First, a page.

In crafting the character of Agent One, and the clear arc she demonstrates over the course of Zero, Crawford wanted more than an actor who would deliver the lines. In addition to prioritizing casting a Black woman in the role, he also wanted a creative partner, someone who would inform the character as she came to life. He seems to have found that in Nova, and because they were both stepping into new roles with their work on the series, a kinship formed. 

"The fact that Fiona has never done this before is actually something that was pretty great because I did have an idea of who Agent One is, but it’s kind of a thing where I really wanted to create the character and build her in conjunction with Fiona," he says. "I think if you really look at it from a production standpoint, it’s actually both our first times, me directing a voice actor and Fiona doing voice acting. It’s both our first times, and I actually really wanted that journey and that specific knowledge to actually help us go into developing the character because she is a new character. So, I wanted us both, plus the other writers that I have and the other people that work on the team, to really feel out that character and have her blossom into her own person, kind of how we’re finding ourselves and finding our footing in our first-time positions in the show to begin with."

Building a dream-team voice cast — which also includes the talents of Noël Wiggins, Jennifer Tidwell, Jeb Aguilar-Kendrick, André Ouellette, and others — was a priority for the ensemble dynamic of Shatter Squad in Red vs. Blue: Zero, but the sense of collaborative kinship also extended well beyond the cast and into the animation team. In a quest to produce dynamic, inventive fight scenes that also managed to inform character and story, Crawford sought out the best animators he could find, and did his best to make the series as much about their vision as his own.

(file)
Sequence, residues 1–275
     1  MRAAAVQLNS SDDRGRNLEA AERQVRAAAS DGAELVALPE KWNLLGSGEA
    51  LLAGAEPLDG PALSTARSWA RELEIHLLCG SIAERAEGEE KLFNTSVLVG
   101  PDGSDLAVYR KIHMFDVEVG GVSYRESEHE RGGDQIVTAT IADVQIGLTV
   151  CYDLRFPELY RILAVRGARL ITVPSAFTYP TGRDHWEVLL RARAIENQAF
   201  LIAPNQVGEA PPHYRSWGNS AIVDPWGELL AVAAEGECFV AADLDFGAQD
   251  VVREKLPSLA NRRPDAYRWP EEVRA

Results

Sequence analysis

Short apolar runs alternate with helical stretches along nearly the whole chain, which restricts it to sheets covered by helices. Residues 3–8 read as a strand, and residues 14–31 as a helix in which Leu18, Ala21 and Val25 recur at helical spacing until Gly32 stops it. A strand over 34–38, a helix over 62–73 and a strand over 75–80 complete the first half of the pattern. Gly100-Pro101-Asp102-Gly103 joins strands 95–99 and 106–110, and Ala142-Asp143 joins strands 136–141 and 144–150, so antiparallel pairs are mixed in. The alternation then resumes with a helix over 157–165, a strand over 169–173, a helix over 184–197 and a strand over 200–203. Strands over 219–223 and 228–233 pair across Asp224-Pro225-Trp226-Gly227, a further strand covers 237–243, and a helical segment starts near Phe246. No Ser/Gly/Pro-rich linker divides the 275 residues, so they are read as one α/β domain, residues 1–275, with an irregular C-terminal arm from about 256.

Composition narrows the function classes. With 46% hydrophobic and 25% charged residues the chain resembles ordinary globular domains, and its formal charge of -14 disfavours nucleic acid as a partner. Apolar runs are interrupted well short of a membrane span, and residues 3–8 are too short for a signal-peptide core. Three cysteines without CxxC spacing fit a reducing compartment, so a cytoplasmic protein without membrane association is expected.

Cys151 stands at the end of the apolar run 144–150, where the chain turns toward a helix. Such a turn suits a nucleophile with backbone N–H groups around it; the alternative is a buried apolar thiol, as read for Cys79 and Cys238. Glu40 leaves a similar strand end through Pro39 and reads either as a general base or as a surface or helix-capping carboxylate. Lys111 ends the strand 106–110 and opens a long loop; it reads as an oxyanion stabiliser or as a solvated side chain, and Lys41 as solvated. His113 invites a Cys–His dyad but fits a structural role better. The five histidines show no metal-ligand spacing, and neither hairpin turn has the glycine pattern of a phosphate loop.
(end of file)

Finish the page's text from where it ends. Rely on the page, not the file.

"So, basically, me and the storyboard artists talk about my ideas, and my directing style is more so, 'I want to know what you’re thinking creatively. I want to know how you feel. I want to talk to you about these things. I want to geek out about action,' and stuff like that. They take that energy and ideas that I have, and they run with it and make storyboards. And then storyboards get to the animators, and it’s kind of that same process with the animators. We picked out some top-tier action animators — Matt Drury, Joe Vick, Peter Dang, and Charles Johnson — and they’re awesome. And pretty much, it’s kind of like, 'Hey, here are the boards. This is the inspiration. I have an idea, a style I want to achieve. You take all this information, and you run with it.' A lot of the action you see I have animated myself, but the stuff that I didn’t animate is because these animators went and they really gave it their all and they poured their heart into it, and they’re very passionate, and it came out awesome. That’s kind of how I approach action. We come up with rules, a style, and then the animators kind of just go. I’m not too picky or [into] giving reviews, and I’m not too over their shoulder about it, because I want their creativity. I want them to believe in themselves and I want them to express themselves."

That spirit of collective creativity runs throughout Red vs. Blue: Zero, a show that, in the preview of episodes SYFY WIRE was able to see ahead of the premiere, is as much about the bond between teammates as it is about high-flying action and the perils of throwing up in your helmet. It's a blend of everything Red vs. Blue has been before and a few things it hasn't been. Crawford and Nova made Rooster Teeth history with the series as the first Black showrunner and Black lead actor, respectively, in nearly two decades of Red vs. Blue, and for them, that inclusiveness carried over into the whole series, not just in terms of the people who made it, but in terms of its ability to reach a different audience. 

"I think I would say the one big thing that makes me happy about this season is how diverse the cast is, as well as behind the scenes. These are stories made by a lot of different types of people, and I think that it has evolved into something really amazing," Nova says. "I’m really excited for the story to be told, especially since so many amazing people have worked on it. I haven’t watched a lot of Red vs. Blue in the past, but I see this as a perfect entryway for people just like me, who have seen this show, who are interested, who have seen this legacy pass on, and they get maybe intimidated seeing there are 17 seasons. And they see this opportunity to be like, 'Oh, we can start fresh. I’m going to start right here.' I think that’s the really cool part of it, and I think it’s a great evolution and is definitely the next step to what is to come with Red vs. Blue."

Red vs. Blue: Zero premieres Nov. 9 on Rooster Teeth for Rooster Teeth FIRST subscribers. New episodes will arrive weekly, and every episode will be free to watch on Rooster Teeth a week after its FIRST premiere.